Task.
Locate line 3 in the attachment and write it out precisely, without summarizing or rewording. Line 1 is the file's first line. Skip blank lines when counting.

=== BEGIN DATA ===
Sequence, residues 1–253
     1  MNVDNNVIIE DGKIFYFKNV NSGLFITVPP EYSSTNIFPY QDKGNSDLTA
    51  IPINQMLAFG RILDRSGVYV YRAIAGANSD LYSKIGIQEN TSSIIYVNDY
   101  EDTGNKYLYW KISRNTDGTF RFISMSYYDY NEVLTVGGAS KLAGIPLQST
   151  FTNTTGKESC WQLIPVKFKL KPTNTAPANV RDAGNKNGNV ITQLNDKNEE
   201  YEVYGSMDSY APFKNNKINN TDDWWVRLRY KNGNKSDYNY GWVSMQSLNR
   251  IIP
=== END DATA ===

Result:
    51  IPINQMLAFG RILDRSGVYV YRAIAGANSD LYSKIGIQEN TSSIIYVNDY